Recently I taught a student who was struggling with a pose. As I talked her through the mechanics of setting up for the pose, which includes placing a belt around legs and hips, she kept saying to me, " I can't feel anything. What am I supposed to feel?" Then she would tug on the belt, tightening it some more, and again say to me: "But I'm not feeling anything."
I was teaching the class Supta Boddha Konasana. This is a restorative pose that combines a great opening of the chest, a supported backbend, a hip opener, and a good, deep breath on exhale. You sit down with your legs extended in front of you on the mat. You take a long strap, loop it through the double D links so that you can loosen or tighten it as needed. The belt goes over your head, is placed at the base of your spine. Then you bring the soles of your feet together so that your knees open out to the sides. The belt goes over the thighs and knees, then around the underside of the feet. You lay back on a bolster set up lengthwise to support your back. Finally, you open your arms wide and take a good, long breath out.
I introduced this pose with the goal of letting the students relax. For the first time at this new studio, I had a largeish class. Avery mixed bag of students: some completely new to yoga, some new to me but clearly interested in having a demanding physical workout. And that's not my way of teaching. My goal is for the student to work to her comfort level, feel some momentary sense of mental focus, and leave class feeling a bit better than when she came in. I'm not against a challenging class, but all yoga asanas (the physical poses) should combine the qualities of shtira and sukkham: diligence, effort, commitment along with relaxation, softness. Patanjali even tells the reader of the Yoga Sutras that this combination will allow us to age more gracefully, feel better physically - so for those students who want their yoga to promote a more beautiful body, there's even more reason to ratchet the practice back from work, work, work.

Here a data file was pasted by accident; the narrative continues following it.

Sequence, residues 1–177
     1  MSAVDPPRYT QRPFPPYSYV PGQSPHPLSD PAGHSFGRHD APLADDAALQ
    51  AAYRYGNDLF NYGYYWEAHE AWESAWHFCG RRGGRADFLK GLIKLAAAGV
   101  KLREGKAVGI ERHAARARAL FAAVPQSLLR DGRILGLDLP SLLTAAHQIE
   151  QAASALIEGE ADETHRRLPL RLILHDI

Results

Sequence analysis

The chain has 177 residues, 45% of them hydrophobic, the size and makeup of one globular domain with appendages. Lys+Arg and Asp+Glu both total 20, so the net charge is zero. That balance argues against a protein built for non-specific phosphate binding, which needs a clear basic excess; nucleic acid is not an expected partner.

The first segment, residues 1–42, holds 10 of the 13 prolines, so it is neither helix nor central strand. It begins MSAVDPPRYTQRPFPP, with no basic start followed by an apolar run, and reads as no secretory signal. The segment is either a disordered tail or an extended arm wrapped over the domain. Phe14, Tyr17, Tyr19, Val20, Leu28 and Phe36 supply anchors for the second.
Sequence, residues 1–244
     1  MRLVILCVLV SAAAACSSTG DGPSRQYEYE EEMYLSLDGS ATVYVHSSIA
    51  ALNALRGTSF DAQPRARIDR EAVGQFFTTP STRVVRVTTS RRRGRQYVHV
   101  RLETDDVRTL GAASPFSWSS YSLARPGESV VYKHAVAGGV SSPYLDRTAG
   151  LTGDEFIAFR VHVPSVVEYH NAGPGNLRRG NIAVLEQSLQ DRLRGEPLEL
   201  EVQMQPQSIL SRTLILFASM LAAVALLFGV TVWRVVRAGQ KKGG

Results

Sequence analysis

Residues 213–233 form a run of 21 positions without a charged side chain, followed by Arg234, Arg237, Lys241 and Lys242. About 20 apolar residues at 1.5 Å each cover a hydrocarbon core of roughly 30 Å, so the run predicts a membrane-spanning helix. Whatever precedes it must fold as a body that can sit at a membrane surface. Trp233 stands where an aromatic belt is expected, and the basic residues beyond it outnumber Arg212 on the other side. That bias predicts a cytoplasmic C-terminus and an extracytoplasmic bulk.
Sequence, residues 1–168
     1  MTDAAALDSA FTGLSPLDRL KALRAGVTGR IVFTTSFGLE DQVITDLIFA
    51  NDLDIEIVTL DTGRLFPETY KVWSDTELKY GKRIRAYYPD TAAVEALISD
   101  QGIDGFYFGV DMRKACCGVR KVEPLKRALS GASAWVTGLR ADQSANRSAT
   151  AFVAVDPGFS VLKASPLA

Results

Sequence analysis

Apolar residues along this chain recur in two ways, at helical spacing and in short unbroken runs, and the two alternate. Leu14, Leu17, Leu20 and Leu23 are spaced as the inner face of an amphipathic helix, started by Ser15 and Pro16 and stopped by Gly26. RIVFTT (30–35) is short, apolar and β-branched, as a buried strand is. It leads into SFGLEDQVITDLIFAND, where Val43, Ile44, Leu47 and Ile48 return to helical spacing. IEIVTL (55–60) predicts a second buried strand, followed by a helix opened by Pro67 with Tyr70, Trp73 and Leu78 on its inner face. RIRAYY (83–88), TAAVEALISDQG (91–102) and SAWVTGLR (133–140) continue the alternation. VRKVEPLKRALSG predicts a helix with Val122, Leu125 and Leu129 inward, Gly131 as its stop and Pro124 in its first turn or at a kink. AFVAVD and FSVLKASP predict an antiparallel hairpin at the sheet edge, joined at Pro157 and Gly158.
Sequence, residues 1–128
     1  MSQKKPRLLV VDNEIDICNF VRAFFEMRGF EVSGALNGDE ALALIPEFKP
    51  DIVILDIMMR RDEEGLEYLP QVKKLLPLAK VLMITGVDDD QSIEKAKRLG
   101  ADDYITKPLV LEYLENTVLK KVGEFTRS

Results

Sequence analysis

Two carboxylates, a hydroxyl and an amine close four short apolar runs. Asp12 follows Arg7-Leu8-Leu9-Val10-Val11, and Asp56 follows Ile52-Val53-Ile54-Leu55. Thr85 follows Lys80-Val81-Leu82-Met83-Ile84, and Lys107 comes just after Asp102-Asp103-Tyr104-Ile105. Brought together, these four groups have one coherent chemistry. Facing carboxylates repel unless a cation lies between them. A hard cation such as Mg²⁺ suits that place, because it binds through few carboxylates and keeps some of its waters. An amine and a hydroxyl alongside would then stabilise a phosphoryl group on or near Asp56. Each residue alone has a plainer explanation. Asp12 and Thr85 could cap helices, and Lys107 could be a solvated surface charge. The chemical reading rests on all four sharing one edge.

I tried to explain to the student that, because her hips were already very open (she could lower her knees to the ground with no effort, which is pretty rare,) that her sense of the pose would be less intense than someone with tight hips. But she didn't seem to take that in, and kept tightening the strap and repeating, "But I'm not feeling anything.
It took me until the next day to realize that yes, she was feeling something. What she was feeling was comfortable. But because she was looking to feel discomfort, she did not recognize the sensation. She was feeling something - and that something was good - but she did not register the experience because it was outside of her expectation.
I wished that I had thought to say this to her. I hope that she comes back to class so that I can talk with her. I won't say it to her this way, because I'm not sure she would agree and I would rather she learn this for herself. But it gave me a good lesson as a teacher: the harder someone is trying, the more important it is to offer the suggestion of building some sukkham into the shtira.